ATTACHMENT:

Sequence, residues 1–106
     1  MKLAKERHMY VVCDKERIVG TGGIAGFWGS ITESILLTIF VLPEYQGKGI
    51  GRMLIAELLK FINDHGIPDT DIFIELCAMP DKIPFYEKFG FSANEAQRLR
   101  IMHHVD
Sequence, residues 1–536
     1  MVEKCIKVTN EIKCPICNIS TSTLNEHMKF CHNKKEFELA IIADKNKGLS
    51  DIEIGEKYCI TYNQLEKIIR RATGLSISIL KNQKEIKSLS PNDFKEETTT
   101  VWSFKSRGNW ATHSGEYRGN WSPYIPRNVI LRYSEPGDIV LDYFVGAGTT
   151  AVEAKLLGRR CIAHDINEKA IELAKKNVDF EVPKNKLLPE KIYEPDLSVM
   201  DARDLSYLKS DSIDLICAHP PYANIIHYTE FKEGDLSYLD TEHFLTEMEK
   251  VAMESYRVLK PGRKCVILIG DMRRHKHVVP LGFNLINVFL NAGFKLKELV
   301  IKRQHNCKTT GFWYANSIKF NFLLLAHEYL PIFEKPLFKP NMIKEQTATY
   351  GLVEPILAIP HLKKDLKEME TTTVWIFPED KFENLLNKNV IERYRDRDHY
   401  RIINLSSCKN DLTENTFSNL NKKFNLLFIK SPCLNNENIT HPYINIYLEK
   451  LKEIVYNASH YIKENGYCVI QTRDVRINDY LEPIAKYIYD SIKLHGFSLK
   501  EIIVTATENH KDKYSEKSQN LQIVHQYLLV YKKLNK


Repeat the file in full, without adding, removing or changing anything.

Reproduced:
Sequence, residues 1–106
     1  MKLAKERHMY VVCDKERIVG TGGIAGFWGS ITESILLTIF VLPEYQGKGI
    51  GRMLIAELLK FINDHGIPDT DIFIELCAMP DKIPFYEKFG FSANEAQRLR
   101  IMHHVD
Sequence, residues 1–536
     1  MVEKCIKVTN EIKCPICNIS TSTLNEHMKF CHNKKEFELA IIADKNKGLS
    51  DIEIGEKYCI TYNQLEKIIR RATGLSISIL KNQKEIKSLS PNDFKEETTT
   101  VWSFKSRGNW ATHSGEYRGN WSPYIPRNVI LRYSEPGDIV LDYFVGAGTT
   151  AVEAKLLGRR CIAHDINEKA IELAKKNVDF EVPKNKLLPE KIYEPDLSVM
   201  DARDLSYLKS DSIDLICAHP PYANIIHYTE FKEGDLSYLD TEHFLTEMEK
   251  VAMESYRVLK PGRKCVILIG DMRRHKHVVP LGFNLINVFL NAGFKLKELV
   301  IKRQHNCKTT GFWYANSIKF NFLLLAHEYL PIFEKPLFKP NMIKEQTATY
   351  GLVEPILAIP HLKKDLKEME TTTVWIFPED KFENLLNKNV IERYRDRDHY
   401  RIINLSSCKN DLTENTFSNL NKKFNLLFIK SPCLNNENIT HPYINIYLEK
   451  LKEIVYNASH YIKENGYCVI QTRDVRINDY LEPIAKYIYD SIKLHGFSLK
   501  EIIVTATENH KDKYSEKSQN LQIVHQYLLV YKKLNK